Dust bowl; Grapes of Wrath
Herman Goertzen remembers his chickens going to roost in the middle of the day because the dust storms made it look so dark, the chickens though it was night. America's farm families of the 1930's overused their land to meet the high demands of agriculture, however, the lack of conservation practices combined with the harsh drought, eventually set themselves up for a decade-long disaster unlike any the nation had ever seen before; creating the need for emergency plans and actions by the government to take charge of the industry as opposed to their own trial and error traditions. During World War I, golden wheat flourished throughout the great plains. Farming and agriculture had always promised a solid way to provide for one’s family, and make enough surplus crop to keep their heads above water. Forcing soil into mass production left soil vulnerable to erosion, at the time of the war. The lack of conservation became evident the year the rains stopped but the sun warmed the land, changing the landscape of farming for years to come.
Before 1930, the midwestern United States saw generally about twenty inches of rainfall or less per year. During the time of the Great Depression, rain did not fall. Deemed worthless, millions of acres of farmland became barren. Because of this, absolutely no soil conservation practices even entered the mind of mid-western crop producers, until the rain they had depended on for so long, ceased. Enormous dust clouds started to form due to dry grounds. For months at a time dust hovered like fog; covering everything. It cheated itself into the cracks and crevices of even the tightest spaces. Not even soaking wet bed sheets over windows and doors helped. Although the temperature rose to blistering heats, the sun did not reach the ground; unable to radiate between the dense, and impenetrable billow of soot. Dark and depressing issues lasted for almost a decade. Uncertainty was everywhere (PBS.org).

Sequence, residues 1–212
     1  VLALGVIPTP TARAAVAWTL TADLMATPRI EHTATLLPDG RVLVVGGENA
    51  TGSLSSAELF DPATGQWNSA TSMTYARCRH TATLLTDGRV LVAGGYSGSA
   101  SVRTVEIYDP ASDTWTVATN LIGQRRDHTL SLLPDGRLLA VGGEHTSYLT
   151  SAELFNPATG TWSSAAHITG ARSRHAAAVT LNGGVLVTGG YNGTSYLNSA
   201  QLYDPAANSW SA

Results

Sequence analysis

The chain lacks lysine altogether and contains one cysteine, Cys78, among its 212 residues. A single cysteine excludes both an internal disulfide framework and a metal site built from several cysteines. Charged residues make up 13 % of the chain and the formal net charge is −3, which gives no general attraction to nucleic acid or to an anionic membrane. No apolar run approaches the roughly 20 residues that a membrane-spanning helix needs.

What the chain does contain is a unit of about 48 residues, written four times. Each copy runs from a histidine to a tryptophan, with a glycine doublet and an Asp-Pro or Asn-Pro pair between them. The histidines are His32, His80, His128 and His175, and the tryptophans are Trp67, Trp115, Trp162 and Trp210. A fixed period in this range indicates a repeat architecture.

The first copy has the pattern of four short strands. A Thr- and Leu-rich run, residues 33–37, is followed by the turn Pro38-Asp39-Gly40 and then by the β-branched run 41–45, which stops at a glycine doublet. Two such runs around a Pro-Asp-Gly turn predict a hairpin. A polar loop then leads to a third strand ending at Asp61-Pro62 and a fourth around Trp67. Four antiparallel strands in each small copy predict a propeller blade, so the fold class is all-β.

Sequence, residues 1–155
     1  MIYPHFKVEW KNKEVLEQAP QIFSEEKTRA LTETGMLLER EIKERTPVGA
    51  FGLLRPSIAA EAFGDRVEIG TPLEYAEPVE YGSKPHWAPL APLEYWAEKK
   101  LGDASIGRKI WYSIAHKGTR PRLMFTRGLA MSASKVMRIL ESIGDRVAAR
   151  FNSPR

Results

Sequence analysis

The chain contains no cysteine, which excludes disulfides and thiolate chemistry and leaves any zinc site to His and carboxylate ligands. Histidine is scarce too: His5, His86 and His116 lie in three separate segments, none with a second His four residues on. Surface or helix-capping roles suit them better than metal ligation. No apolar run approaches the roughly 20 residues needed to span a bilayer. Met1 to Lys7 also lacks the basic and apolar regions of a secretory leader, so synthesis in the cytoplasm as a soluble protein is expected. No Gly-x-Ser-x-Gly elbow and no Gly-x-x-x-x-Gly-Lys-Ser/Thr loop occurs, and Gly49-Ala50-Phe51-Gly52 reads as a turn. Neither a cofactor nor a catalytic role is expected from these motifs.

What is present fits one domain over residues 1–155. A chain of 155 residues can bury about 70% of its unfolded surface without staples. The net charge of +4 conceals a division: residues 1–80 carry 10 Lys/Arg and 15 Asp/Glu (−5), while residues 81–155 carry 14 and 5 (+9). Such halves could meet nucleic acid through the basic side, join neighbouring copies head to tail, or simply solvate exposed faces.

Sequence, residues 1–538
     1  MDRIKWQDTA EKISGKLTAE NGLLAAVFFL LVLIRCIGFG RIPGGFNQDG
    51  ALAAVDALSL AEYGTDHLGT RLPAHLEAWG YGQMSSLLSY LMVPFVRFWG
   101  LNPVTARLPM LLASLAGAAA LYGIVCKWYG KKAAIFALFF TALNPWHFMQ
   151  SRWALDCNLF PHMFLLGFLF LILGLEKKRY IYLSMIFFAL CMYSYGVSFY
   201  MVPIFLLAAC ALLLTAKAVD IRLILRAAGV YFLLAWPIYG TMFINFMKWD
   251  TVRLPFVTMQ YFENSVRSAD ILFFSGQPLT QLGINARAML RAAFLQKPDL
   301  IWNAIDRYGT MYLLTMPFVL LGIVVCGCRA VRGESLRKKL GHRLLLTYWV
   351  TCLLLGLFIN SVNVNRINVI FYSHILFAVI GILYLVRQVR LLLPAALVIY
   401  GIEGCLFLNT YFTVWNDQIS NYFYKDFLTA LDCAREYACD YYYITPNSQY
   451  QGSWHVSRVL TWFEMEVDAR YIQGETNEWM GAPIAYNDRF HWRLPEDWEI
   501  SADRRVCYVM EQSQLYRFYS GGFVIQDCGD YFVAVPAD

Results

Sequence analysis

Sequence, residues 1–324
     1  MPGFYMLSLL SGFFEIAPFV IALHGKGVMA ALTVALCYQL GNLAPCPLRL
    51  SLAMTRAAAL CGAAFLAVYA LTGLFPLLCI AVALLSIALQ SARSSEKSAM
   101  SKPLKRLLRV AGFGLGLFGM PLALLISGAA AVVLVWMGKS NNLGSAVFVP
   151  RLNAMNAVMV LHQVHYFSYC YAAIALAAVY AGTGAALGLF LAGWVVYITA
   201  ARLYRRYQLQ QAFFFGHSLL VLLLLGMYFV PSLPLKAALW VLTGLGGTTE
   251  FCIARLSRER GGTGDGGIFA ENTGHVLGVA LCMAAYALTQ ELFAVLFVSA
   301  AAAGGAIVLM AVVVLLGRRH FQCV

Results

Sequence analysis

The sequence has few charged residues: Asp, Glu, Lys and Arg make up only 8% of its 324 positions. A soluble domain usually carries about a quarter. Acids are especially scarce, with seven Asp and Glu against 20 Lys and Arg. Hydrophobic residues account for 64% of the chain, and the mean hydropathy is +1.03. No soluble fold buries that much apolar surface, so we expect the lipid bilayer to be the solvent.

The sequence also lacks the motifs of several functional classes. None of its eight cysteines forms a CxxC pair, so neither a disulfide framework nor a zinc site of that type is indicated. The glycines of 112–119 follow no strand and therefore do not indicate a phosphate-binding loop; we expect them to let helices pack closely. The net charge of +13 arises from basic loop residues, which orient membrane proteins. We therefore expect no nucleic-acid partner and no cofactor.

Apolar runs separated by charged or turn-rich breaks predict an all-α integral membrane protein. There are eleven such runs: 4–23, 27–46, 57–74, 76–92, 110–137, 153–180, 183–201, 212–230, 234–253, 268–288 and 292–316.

Franklin Delano Roosevelt took the oath of office as president in 1933. Franklin Roosevelt entered into the presidency at the depth of the Great Depression. The democrat overcame polio, won as senator, and also governor of New York before running for president. Out of all four elected terms, his first "100 days" in office had the most significant impact. During this time, he established Social Security, setup the FDIC program, and declared a federal bank holiday. Franklin Roosevelt's New Deal provided ample relief to millions of unemployed American citizens. One part of the New Deal included the Taylor Grazing Act and later, the Soil Conservation Service. These laws prevented overgrazing and further injury to the overwrought soil. This program created many jobs, but millions of people remained unemployed. A multitude of farmers had to flee the plains and search for work elsewhere.
Westward expansion flourished in the United States once again. The “Okies”or migrators from the midwest, as they became referred to as by the Cali-Natives, were rejected by most employers. If they could find a job, it provided meager wages with harsh conditions. During this time, mass amounts of hobos emerged. A hobo defines as, a migratory worker who illegally rides the rail cars in search of employment. Numerous women and girls went into prostitution. These women did all they could to make any money. Farmers, specialized in just that, farming. Every farmer seemed unskilled and unqualified in anything other than farm work, which made finding a job even harder. This was the last huge settlement of the West Coast. Even though not everyone found great jobs, people stayed. They held out until the dust bowl subsided. California became their last hope.